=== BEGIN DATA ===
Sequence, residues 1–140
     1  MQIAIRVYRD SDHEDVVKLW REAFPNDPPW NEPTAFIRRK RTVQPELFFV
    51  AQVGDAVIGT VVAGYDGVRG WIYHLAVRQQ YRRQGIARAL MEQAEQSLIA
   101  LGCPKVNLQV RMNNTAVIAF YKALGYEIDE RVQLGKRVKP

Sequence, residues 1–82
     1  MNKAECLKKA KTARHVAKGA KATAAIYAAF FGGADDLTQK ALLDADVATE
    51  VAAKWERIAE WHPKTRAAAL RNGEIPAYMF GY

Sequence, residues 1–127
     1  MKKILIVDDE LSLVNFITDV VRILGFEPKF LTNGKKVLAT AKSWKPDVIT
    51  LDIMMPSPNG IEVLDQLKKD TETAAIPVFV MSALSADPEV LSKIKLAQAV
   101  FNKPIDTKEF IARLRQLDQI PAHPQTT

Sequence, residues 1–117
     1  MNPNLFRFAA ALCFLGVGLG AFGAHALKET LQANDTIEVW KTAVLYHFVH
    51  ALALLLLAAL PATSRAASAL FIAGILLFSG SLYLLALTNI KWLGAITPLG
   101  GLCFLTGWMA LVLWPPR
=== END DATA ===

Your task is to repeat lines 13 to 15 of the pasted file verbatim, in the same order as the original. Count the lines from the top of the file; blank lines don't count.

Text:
     1  MNPNLFRFAA ALCFLGVGLG AFGAHALKET LQANDTIEVW KTAVLYHFVH
    51  ALALLLLAAL PATSRAASAL FIAGILLFSG SLYLLALTNI KWLGAITPLG
   101  GLCFLTGWMA LVLWPPR